Supreme Court of the United States.

The Bind We’re in — And How the Supreme Court Put Us There

By Jennifer Bard

As the COVID-19 pandemic rages into its third year of global death and destruction, the Supreme Court of the United States has effectively thwarted every measure by federal or state government to implement the public health tools that for hundreds of years have been used to stop the spread of contagious disease. They have done so by operationalizing what were previously fringe and relatively harmless academic views in ways that extend their powers beyond any previous boundaries. These include, but are not limited to, extending the protection for religious exercise past any previously imagined, and limiting Congressional authority to respond to emergencies by imposing impossible standards of specificity on its delegation of authority to the agencies which it creates, funds, and directly oversees.

In so doing, the Court has not only undermined the health of the nation, and pushed millions of people into unnecessary long-term disability, which our fragmented health care and social security system is unequipped to handle. It has also threatened our national security by infecting what is already more than half of the children in the country with a virus that has the potential to damage every organ in their bodies, from heart to brain.

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Person filling syringe from vial.

The Beginning of the End of Federalism

By Jennifer Bard

Friday’s emergency hearing by the Supreme Court regarding the Occupational Safety and Health Administration’s (OSHA) vaccine-or-test mandate was extraordinary both in that it happened at all and what took place.

The hearing came in a response to a petition by a coalition of states and the National Federation of Independent Business (NFIB) to halt an Emergency Temporary Standard (ETS) issued by OSHA mandating that all employers with over 100 employees “establish minimum vaccination standards” including “vaccination verification, face covering, and testing requirements.”

That the Court heard the case on an emergency basis signaled their concern that OSHA, in issuing the ETS, was overreaching its authority, as they ruled the Centers for Disease Control and Prevention had done in issuing an eviction moratorium.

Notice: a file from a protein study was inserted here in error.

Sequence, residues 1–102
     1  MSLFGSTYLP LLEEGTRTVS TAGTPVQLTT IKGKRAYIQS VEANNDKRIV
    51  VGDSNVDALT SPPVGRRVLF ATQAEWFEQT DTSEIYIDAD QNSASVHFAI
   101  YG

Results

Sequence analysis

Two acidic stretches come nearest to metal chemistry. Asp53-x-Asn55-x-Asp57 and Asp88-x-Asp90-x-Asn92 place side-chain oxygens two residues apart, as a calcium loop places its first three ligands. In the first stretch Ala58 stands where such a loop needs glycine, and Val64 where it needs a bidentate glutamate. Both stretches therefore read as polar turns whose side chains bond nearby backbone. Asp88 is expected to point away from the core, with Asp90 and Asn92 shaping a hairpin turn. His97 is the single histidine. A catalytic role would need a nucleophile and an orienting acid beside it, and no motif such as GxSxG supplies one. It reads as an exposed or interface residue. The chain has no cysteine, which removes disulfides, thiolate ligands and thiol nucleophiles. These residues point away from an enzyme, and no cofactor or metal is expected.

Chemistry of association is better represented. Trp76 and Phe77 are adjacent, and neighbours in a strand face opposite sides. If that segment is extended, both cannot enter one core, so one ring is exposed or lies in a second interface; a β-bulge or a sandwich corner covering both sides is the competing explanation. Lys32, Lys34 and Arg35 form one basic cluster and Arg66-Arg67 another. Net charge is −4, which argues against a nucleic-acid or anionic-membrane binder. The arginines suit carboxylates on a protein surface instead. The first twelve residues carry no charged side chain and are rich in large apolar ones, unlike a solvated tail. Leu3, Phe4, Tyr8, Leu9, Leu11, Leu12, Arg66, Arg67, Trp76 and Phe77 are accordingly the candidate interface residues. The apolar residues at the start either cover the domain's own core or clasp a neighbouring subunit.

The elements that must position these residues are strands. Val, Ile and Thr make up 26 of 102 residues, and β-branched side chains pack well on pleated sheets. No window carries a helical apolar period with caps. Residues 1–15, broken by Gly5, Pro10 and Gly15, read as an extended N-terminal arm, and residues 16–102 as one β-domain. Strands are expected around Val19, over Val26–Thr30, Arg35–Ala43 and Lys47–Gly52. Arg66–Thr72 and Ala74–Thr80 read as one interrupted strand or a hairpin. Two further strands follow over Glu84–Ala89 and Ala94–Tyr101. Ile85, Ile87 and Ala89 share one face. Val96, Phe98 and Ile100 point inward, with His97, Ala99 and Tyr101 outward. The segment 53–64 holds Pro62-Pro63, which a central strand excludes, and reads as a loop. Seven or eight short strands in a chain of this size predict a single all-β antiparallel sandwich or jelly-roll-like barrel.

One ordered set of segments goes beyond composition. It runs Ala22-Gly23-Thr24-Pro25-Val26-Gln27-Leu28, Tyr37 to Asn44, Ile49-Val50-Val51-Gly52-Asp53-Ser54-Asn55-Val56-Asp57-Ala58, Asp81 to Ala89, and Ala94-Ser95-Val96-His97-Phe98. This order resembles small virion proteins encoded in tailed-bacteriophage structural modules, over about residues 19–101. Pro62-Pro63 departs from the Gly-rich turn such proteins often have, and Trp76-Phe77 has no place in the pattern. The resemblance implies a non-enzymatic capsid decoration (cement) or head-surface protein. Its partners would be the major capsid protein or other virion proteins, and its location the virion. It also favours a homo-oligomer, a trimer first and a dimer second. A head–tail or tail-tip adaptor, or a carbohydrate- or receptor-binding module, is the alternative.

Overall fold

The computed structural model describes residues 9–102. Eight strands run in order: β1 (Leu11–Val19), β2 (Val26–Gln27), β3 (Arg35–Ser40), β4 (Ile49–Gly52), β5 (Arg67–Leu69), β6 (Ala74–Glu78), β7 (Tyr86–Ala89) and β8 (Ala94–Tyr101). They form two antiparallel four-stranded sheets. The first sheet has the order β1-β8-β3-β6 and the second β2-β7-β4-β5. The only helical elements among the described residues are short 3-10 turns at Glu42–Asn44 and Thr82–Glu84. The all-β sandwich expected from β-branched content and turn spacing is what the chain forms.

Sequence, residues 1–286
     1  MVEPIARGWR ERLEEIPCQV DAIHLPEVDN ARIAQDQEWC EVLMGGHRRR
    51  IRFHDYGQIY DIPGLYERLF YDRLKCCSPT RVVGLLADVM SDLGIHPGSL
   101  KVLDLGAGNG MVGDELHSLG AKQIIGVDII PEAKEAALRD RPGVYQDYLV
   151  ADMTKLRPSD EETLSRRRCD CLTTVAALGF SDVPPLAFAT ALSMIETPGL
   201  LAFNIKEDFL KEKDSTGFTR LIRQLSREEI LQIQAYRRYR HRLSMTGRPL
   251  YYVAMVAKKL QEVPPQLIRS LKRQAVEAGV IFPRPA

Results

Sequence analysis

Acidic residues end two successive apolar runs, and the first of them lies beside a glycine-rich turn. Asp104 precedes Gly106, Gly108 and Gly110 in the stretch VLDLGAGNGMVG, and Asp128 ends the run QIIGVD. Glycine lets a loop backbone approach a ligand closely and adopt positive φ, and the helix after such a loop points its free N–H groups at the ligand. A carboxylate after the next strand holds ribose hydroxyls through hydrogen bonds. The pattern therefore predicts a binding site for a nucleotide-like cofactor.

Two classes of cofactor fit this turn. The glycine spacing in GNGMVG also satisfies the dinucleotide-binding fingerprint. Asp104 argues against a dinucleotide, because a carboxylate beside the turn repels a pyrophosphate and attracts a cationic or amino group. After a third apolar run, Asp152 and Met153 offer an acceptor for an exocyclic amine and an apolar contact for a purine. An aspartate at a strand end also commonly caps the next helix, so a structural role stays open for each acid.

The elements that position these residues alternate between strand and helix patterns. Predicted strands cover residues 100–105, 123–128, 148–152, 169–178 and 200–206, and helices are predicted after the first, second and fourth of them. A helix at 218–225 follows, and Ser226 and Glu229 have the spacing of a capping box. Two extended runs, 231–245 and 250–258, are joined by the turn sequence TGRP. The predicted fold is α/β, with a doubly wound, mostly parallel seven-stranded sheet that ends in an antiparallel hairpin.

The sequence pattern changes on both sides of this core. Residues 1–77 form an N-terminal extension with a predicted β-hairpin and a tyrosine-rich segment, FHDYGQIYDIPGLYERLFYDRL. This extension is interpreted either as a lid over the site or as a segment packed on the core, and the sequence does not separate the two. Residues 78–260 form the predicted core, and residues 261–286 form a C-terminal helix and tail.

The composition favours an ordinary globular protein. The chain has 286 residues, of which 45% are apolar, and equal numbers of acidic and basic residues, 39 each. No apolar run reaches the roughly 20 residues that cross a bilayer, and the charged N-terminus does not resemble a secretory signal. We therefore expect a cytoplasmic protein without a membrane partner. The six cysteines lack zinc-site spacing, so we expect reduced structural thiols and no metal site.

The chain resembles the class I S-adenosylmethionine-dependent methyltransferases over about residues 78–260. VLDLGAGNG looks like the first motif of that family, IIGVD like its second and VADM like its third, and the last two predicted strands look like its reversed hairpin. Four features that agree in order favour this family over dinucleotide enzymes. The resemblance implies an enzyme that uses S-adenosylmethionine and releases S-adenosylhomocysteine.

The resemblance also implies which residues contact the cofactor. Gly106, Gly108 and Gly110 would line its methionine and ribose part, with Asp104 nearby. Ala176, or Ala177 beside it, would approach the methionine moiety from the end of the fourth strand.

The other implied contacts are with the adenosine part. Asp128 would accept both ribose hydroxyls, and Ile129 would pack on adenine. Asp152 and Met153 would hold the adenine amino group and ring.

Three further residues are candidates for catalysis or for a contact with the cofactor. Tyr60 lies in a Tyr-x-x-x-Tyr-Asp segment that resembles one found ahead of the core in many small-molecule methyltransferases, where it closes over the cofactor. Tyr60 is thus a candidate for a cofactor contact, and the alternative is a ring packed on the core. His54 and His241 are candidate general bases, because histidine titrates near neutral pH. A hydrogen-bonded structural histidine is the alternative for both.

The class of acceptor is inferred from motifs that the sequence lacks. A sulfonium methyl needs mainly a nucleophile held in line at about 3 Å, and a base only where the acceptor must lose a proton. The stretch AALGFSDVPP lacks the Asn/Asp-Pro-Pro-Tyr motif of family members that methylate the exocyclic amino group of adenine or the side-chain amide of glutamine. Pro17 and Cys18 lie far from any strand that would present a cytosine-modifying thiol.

But what made the colloquies particularly unsettling is that the ETS was carefully crafted to be, as Professors Larry Gostin and Dorit Rubinstein Reiss explain lucidly, well within contemporary standards for an exercise of federal power affecting a health matter usually within the jurisdiction of a state. It applies only to employers already obligated to follow OSHA workplace standards and fell far short of a vaccine mandate. Moreover, however severe the risk of COVID when this was drafted six months ago, the risk from the Omicron variant is many times greater.

Yet the sympathetic ear given by the majority of the Justices to the arguments made by the lawyers seeking a stay made it possible to wonder if the whole thing was happening in either one of DC or the MCU’s multiverse. This is because the questioning, directly and by implication, calls into doubt what past Courts have identified as the framework of federalism — a nickname for the Constitution’s balancing of a strong federal government against the rights of individual states. We cannot know the extent to which the Justices will adopt any of the arguments offered them for limiting federal agency power, but from this hearing we can anticipate substantial strengthening of an individual state’s ability to resist federal regulation.

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U.S. Supreme Court

Major Questions about Vaccine Mandates, the Supreme Court, and the Major Questions Doctrine

By Wendy Parmet and Dorit Reiss

This Friday, the Supreme Court will hear arguments about two federal vaccine mandates: the Centers for Medicare and Medicaid Services’ (CMS) mandate for health care workers, and the Occupational Safety and Health Administration’s (OSHA) vaccine-or-test mandate for employers with over 100 workers. In each case, a key question will be whether the Court should apply the so-called “major questions doctrine.” The Court’s adoption of this approach in the mandate cases would not only remove an important tool for combating the pandemic; it also would severely limit the federal government’s capacity to address many other health threats, while expanding the Court’s ability to substitute its judgment for Congress’.

Although not fully defined or delineated, the major questions doctrine bars administrative agencies from using broad grants of statutory authorities in new and “major” ways. A type of clear statement rule, it requires courts to presume that in the absence of specific Congressional authorization, agencies lack the power to issue new regulations that could be seen as “major.”

In theory, the rule allows courts to avoid federalism and separation of powers concerns. In practice, it empowers courts to resurrect long-discarded approaches to federalism and separation of powers without saying so. It also enables courts to disregard explicit grants of statutory authority (so much for textualism!).

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